89. Jesus on the road to Emmaus
Jesus on the road to Emmaus…AFTER that, Jesus appeared in another form unto two of them, that same day, as they walked to Emmaus, a village which was from Jerusalem about three-score furlongs.
While they talked together of all these things which had happened, Jesus himself drew near. But their eyes were holden that they should not know him. And he said unto them,
What manner of communications are these that ye have one to another, as ye walk, and are sad?
One of them (Cleopas) answering said, Art thou a stranger in Jerusalem, and hast not known the things which are come to pass there in these days? Jesus said,
They answered, Concerning Jesus of Nazareth: and how our rulers have crucified him. But we trusted that it had been he which should have redeemed Israel.
Jesus said unto them,
O fools , and slow of heart to believe all that the prophets have spoken: ought not Christ to have suffered these things, and to enter into his glory?
And beginning at Moses, he expounded the things in all the Scriptures concerning himself.
¶They drew nigh unto the village whither they went: and Jesus made as though he would have gone further. But they constrained him, saying, Abide with us: for it is toward evening. And he went in to tarry with them.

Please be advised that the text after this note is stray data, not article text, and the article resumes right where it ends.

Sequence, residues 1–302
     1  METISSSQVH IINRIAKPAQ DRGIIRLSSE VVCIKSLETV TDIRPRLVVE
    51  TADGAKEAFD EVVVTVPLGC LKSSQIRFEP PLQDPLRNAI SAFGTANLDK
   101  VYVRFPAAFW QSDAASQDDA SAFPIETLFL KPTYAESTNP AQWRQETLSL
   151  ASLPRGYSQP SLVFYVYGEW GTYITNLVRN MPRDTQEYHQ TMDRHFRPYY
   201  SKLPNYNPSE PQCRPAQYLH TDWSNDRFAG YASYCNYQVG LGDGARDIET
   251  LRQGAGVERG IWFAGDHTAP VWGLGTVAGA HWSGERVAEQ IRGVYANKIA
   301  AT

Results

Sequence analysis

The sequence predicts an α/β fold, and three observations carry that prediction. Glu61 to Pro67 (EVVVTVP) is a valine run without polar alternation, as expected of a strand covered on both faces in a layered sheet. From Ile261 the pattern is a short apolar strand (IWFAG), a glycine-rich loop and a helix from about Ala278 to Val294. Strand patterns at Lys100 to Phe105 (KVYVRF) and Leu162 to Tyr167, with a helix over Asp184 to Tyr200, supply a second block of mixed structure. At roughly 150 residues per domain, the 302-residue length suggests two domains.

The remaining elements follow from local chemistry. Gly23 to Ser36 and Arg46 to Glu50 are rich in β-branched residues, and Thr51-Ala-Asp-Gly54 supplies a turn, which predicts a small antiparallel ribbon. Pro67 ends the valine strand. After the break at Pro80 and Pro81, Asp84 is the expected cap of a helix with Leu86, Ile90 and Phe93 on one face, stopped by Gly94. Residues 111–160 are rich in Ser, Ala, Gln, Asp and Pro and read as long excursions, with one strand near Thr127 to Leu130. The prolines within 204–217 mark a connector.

As he sat at meat with them, he took bread, and blessed it, and brake, and gave to them. And their eyes were opened, and they knew him; and he vanished out of their sight.
The same hour, they returned to Jerusalem, and found the eleven gathered together, saying, The Lord is risen indeed, and hath appeared to Simon. They (the two) told what things were done in the way, and how Jesus was known of them in breaking of bread.
¶As they spake, the same day at evening, being the first day of the week, when the doors were shut where the disciples were assembled for fear of the Jews, Jesus himself stood in the midst of them, and saith,
Peace be unto you.
But they supposed they had seen a spirit, and were affrighted. And he said,
Why are ye troubled? and why do thoughts arise in your hearts? Behold my hands and my feet, that it is myself: handle me, and see; for a spirit hath not flesh and bones, as ye see me have.
While they wondered, he said,
Have ye here any meat?
They gave him of a fish, and of a honeycomb; and he did eat before them. Then said he to them again,
Peace be unto you; as my Father hath sent me, even so I send you.
Receive ye the Holy Ghost. Whosesoever sins ye remit, they are remitted unto them: and whosesoever sins ye retain, they are retained.
¶But Thomas was not with them. When the other disciples said unto him, We have seen the Lord, he said, Except I shall see in his hands the print of the nails, and put my finger into the print of the nails, and thrust my hand into his side, I will not believe.
After eight days, again the disciples were within, and Thomas with them: then came Jesus, as they sat at meat, the doors being shut, and stood in the midst, and said,
Peace be unto you.
Then saith he to Thomas,
Reach hither thy finger, and behold my hands; and reach hither thy hand, and thrust it into my side: and be not faithless, but believing.
Thomas answered, My Lord and my God. Jesus said unto him,
Thomas, because thou hast seen me, thou hast believed: blessed are they that have not seen, and yet have believed.
Gospel reading: Mark 16:1-13
Meditation 1 of 1: